as building blocks of new meta-pieces. After giving it some thought, I 
decided to christen this software entity –aptly, I believe– as 
H.A.R.I.N.G. (Humanless Audio Recombinator for Infinite Novelty 
Generation). Strictly speaking, therefore, this project has 251 
audio-artists, if we also include HARING. Which brings us to the last 
conclusion –for the time being– on our techno-creative current 
situation: not only we can all be audio-artists; machines can be such a 
thing as well.

Finally, a word in praise of audio ‘only’. In an epoch of saturated 
multimedia, transmedia and arbitrary data mapping, an exercise in 
monomedia like this one –resolute even if small– could perhaps have a 
redeeming and re-grounding effect. After all, shouldn't it be that what 
really matters is not the number of media or their relationships but 
rather their capability –particularly when alone or with a modicum of 
resources– to act as 'gates', 'transformers', 'revealers', and so on? 
Drawing on the insights from millennia of art and magic (and the like), 
let us not forget that 'only' audio is never audio only.

My sincere thanks to all the participant creators/artists and invited 
curators for their generosity and enthusiasm. My acknowledgment as well 
for all those who have made this project possible in terms of 
organization, funding and production. It is an enormous satisfaction to 
have reached that ambitious goal of ‘the 250’ and also to have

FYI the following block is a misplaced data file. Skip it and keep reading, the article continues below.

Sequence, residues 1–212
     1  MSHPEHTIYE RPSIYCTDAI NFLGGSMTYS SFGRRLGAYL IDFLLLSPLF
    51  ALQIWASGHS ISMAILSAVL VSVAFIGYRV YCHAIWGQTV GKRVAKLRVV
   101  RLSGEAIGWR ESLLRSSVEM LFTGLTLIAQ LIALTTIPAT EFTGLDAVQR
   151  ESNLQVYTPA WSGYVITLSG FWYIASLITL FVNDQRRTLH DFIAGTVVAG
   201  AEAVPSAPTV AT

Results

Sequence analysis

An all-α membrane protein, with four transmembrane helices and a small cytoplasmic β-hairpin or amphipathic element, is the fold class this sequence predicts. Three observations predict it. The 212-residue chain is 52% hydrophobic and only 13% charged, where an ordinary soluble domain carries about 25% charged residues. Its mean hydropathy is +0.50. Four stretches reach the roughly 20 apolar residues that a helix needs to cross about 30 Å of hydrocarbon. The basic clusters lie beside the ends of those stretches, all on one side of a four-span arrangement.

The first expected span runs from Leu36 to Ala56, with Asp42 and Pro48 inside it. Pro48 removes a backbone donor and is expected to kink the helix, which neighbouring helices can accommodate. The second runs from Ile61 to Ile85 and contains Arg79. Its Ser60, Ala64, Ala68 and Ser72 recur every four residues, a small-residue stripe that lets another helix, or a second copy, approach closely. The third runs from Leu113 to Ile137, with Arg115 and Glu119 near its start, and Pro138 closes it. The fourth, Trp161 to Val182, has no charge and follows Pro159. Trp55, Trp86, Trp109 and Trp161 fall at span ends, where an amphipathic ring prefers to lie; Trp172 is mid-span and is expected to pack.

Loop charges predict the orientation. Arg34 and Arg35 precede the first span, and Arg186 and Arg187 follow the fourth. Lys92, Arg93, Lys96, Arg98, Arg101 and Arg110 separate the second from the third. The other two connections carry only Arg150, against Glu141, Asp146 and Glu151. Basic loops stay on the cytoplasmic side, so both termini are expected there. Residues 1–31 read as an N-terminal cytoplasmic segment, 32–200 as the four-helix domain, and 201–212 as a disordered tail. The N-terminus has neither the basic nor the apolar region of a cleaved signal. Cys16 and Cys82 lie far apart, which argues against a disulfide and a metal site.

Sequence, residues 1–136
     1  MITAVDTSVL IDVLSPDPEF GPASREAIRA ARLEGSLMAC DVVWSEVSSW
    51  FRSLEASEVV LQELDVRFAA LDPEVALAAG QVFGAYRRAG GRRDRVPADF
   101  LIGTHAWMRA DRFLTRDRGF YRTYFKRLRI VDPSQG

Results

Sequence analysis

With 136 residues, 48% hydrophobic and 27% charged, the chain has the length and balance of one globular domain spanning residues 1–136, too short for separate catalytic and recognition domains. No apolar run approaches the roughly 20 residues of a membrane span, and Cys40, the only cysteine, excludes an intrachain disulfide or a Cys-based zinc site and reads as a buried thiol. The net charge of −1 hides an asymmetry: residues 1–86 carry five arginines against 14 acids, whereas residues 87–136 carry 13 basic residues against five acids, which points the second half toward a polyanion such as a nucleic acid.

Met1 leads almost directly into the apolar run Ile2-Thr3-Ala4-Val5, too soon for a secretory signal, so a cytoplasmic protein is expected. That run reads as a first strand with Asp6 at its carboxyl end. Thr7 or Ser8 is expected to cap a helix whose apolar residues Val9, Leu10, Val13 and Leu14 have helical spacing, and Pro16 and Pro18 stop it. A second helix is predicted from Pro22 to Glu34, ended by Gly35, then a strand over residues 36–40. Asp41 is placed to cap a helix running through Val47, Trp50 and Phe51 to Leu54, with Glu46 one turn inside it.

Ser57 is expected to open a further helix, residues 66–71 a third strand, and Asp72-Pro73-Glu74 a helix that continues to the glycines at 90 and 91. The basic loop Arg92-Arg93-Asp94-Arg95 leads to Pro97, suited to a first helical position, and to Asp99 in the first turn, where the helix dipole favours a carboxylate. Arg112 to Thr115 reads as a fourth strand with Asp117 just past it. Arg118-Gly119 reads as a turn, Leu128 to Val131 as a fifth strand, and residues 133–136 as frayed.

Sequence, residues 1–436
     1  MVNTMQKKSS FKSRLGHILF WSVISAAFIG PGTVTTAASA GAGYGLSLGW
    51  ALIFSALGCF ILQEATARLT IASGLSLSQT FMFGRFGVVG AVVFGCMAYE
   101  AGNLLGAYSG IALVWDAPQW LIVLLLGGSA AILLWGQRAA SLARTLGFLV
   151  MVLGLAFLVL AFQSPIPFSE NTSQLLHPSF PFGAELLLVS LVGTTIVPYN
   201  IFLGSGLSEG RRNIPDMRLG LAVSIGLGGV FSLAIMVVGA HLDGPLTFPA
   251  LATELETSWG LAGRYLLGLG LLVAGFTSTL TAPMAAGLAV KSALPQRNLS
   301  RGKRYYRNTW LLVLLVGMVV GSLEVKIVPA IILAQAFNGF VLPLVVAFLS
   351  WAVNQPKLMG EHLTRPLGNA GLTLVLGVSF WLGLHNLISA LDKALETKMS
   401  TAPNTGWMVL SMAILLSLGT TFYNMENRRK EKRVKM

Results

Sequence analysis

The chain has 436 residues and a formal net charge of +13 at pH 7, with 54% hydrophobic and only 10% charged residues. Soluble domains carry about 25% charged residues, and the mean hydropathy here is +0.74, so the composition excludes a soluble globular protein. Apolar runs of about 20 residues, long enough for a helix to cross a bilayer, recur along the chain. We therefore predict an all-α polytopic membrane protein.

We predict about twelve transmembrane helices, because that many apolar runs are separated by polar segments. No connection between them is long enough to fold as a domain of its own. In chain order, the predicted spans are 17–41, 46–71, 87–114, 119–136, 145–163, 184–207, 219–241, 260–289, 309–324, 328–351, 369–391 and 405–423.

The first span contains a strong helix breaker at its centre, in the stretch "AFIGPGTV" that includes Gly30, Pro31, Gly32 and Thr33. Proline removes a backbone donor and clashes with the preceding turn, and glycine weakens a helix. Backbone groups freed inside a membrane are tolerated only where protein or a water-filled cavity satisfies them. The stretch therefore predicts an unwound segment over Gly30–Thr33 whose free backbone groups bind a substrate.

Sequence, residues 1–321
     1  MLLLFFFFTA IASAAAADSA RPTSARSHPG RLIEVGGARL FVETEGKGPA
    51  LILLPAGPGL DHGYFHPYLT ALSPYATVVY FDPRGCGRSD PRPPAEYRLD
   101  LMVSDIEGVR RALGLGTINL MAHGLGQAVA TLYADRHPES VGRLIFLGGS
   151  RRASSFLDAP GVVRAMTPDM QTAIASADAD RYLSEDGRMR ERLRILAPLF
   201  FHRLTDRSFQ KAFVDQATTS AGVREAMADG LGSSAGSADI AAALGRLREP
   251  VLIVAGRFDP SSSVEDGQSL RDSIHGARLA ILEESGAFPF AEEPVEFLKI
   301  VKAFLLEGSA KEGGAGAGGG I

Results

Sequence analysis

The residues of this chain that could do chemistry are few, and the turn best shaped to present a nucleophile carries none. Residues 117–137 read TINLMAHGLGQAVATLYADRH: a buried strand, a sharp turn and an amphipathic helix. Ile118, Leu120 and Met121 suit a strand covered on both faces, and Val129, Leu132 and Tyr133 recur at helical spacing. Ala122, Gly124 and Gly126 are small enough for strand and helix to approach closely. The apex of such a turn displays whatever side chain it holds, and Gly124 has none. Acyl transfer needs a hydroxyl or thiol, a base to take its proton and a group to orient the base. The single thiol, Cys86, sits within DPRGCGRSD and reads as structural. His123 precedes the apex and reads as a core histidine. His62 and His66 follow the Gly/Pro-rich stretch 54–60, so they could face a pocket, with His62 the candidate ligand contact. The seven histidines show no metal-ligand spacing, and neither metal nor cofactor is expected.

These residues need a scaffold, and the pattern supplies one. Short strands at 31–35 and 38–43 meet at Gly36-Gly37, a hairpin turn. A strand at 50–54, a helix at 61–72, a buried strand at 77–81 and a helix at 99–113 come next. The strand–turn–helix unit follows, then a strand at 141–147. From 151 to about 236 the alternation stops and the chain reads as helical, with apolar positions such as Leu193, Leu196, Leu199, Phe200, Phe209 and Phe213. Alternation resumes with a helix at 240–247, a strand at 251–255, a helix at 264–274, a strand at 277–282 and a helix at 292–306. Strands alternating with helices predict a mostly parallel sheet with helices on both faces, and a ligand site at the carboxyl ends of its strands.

personally discovered in this process the work of many audio-artists, 
including some of them who were not aware of being such a thing themselves.

Francisco López - Den Haag, 2016

again, we are always looking for new material, whether raw field 
recordings, field recording based composition, or introduction 
submissions. we are also now accepting proposals for full editions of 
our guest curated framework:afield series. send proposals or material, 
released or not, on any format, to the address at the bottom of this 
mail. if you have any questions, please don't hesitate to get in touch!


SUPPORT FRAMEWORK! your contributions make framework possible. please 
consider signing up to become a regular monthly donor, or make a 
one-time contribution. as a thank-you for your subscription of €5 or 
more, or your one-time donation of €20 or more, we'll send you the 
latest issue of our framework:seasonal release series! we can't do it 
without you, and we greatly appreciate your support.


framework intro submissions:

    1)    take yourself and an audio recorder to a location of your choice
    2)    record for AT LEAST 1 minute before you -
    3)    read aloud the following text (in english or translated):

welcome to framework. framework is a show consecrated to 
field-recording, and its use in composition.  field-recording, 
phonography, the art of sound hunting; open your ears and listen!

    4)    continue recording for AT LEAST 2 minutes after the text
    5)    post the recording to us on any format, or send us an 

::   http://www.frameworkradio.net
::   info at frameworkradio.net
::   http://www.facebook.com/frameworkradio
::   http://www.mixcloud.com/framework_radio
::   http://www.frameworkradio.net/podcast
::   http://www.frameworkradio.net/donate
::   telliskivi 3
::   65605 võru
::   estonia
mailing list: http://eepurl.com/lQBOT

More information about the microsound-announce mailing list